Argumentative texts: Brainstorming
It is particularly useful for argumentative texts to think in terms of categories of knowledge - political, religious, personal, physical, social, historical, geographical, economic, artistic, sexual, moral, creative, psychological. Choose the most productive for your case. (Info taken from Page 2 of How to Write an Essay/Composition )
Brainstorming exercise : ideas for a reasoned opinion (discursive text) and for a for/against essay (argumentative text).
Argumentative texts: Aproaches
The obvious way to organize your material is under pros and cons, points for and against the argument. A contrast between two different stands can help you write about the subject, make things easier.
However, you could develop your own opinions. You will have to be clear about the point(s) you want to make and make those points. Then you'll have to explain your reasons for stating them (why do you say that?). Try to say things which are relevant (content) and not vague comments and opinions.
Order your points under the headings pros and cons. Is this the best order for the various points? Decide which side of the argument you favour yourself, how best to counter the points put forward on the other side.
What kind of conclusion will you arrive at? You will usually end with your own view, the one you have been leading up to in your presentation of the argument.
(Info taken from page 3 of How to Write an Essay/Composition )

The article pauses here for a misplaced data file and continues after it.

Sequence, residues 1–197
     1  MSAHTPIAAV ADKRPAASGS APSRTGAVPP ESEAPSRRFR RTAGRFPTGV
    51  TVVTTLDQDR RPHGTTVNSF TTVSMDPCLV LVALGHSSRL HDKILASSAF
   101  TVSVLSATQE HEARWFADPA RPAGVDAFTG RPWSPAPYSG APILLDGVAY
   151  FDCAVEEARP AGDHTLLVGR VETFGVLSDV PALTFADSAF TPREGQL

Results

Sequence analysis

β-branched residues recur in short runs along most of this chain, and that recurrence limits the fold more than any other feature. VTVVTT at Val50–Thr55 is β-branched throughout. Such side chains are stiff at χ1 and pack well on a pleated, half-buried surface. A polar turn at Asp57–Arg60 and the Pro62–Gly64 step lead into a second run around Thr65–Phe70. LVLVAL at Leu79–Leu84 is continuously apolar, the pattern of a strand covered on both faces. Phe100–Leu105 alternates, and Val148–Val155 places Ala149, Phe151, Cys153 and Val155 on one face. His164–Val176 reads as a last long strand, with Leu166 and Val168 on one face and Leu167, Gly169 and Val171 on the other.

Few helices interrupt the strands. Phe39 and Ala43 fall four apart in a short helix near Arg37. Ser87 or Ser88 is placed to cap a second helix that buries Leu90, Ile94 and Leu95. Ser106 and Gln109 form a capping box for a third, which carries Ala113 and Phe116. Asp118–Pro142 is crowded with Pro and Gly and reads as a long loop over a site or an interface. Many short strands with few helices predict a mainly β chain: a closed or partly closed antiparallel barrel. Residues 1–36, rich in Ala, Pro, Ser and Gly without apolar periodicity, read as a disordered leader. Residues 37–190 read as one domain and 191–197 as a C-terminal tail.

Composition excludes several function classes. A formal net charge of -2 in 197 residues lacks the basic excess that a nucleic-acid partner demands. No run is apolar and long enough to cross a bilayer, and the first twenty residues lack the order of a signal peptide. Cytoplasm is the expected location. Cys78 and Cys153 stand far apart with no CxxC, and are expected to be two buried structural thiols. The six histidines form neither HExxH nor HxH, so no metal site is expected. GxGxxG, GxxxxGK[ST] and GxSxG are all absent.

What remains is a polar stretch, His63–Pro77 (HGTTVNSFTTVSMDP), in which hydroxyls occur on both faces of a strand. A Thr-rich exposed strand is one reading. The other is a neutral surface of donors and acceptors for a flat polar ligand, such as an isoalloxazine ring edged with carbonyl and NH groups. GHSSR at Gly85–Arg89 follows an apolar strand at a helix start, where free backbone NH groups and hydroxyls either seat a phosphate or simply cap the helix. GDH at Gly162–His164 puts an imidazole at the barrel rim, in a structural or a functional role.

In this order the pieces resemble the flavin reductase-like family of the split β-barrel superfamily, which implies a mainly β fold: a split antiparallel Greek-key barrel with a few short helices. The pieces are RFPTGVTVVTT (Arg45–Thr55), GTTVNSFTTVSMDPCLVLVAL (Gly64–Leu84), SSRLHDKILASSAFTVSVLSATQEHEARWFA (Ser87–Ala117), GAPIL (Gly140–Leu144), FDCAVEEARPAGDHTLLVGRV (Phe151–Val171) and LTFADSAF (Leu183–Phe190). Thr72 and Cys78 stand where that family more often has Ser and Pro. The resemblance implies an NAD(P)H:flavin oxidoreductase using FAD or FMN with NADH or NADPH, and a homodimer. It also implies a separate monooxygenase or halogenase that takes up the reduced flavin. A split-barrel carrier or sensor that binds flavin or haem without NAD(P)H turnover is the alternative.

Argumentative texts: Structure 1
IMPORTANT: In Textual Analysis 2 you can find the classical structure (structural outline) with some useful expressions, and then other structural possibilities, like the pro-con structure, the one-sided argumentation or the eclectic approach.
Structure for Reasoned Opiniones with Useful Language
Template for an argumentative essay at OWL
Argumentative texts: Structure 2 (Tips from your teacher)
Whether you are doing a Reading Comprehension exercise (with an argumentative text) or you need to write an argumentative text, consider this:
Fundamental info in Title, topic sentences at the beginning of every paragraph.
Check if intro is an overview. Check if there is a conclusion.
Spot if the end of the paragraph draws a conclusion.
Spot words which help you to sort out structure: examples + ., for instance, for example ; rephrasing items (., in other words, this means .); explaining causes: because, as, since.
Intro (What kind? A beginning? An overview?)
Body: One position - The opposite position / One position - Another - Another.
Ending: Conclusion/Ending/No Conclusion. Why?/How?
Argumentative texts: Structure 3
How to write a 5 paragraph essay In the Introduction of this other website, you can listen to somebody reading the explanation you can also find in writing! So you can use it to take a dictation, to do a listening activity for comprehension and later check by reading how much you understood; also, to learn about writing strategies, of course!
Argumentative texts: Examples
Example of an argumentative text here
Examples of reasoned opinions at Your Texts (in Your Stuff!)
God is not bound to human form nor is God bound to any of the laws of physics or reality that are recognized by modern day science(Proverbs 15:3) This means that God can and does appear in a multitude of forms and situations. We must be careful not to put God into human restraints: God is not subject to the same terms that we judge our fellow men and women(Job 11:7-9). In this way God is all around us, even inside our hearts. God knows us like we know ourselves because we all have a little piece of God in ourselves, this furthers the fact that no one can be without God. Even people who are commonly considered immoral or evil have God in them or around them; just because one does not believe in God does not mean God is not present so even murderers and stone cold criminals have God in their life.